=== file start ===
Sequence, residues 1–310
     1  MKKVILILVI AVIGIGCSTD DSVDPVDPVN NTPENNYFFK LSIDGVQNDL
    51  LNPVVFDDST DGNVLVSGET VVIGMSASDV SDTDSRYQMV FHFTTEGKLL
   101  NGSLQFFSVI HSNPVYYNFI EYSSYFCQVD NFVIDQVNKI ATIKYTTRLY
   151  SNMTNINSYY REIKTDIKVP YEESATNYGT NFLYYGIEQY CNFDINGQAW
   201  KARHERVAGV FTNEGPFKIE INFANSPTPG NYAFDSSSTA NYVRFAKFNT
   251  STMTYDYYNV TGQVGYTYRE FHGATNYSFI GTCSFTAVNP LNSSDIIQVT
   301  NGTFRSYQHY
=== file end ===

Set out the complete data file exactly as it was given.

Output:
Sequence, residues 1–310
     1  MKKVILILVI AVIGIGCSTD DSVDPVDPVN NTPENNYFFK LSIDGVQNDL
    51  LNPVVFDDST DGNVLVSGET VVIGMSASDV SDTDSRYQMV FHFTTEGKLL
   101  NGSLQFFSVI HSNPVYYNFI EYSSYFCQVD NFVIDQVNKI ATIKYTTRLY
   151  SNMTNINSYY REIKTDIKVP YEESATNYGT NFLYYGIEQY CNFDINGQAW
   201  KARHERVAGV FTNEGPFKIE INFANSPTPG NYAFDSSSTA NYVRFAKFNT
   251  STMTYDYYNV TGQVGYTYRE FHGATNYSFI GTCSFTAVNP LNSSDIIQVT
   301  NGTFRSYQHY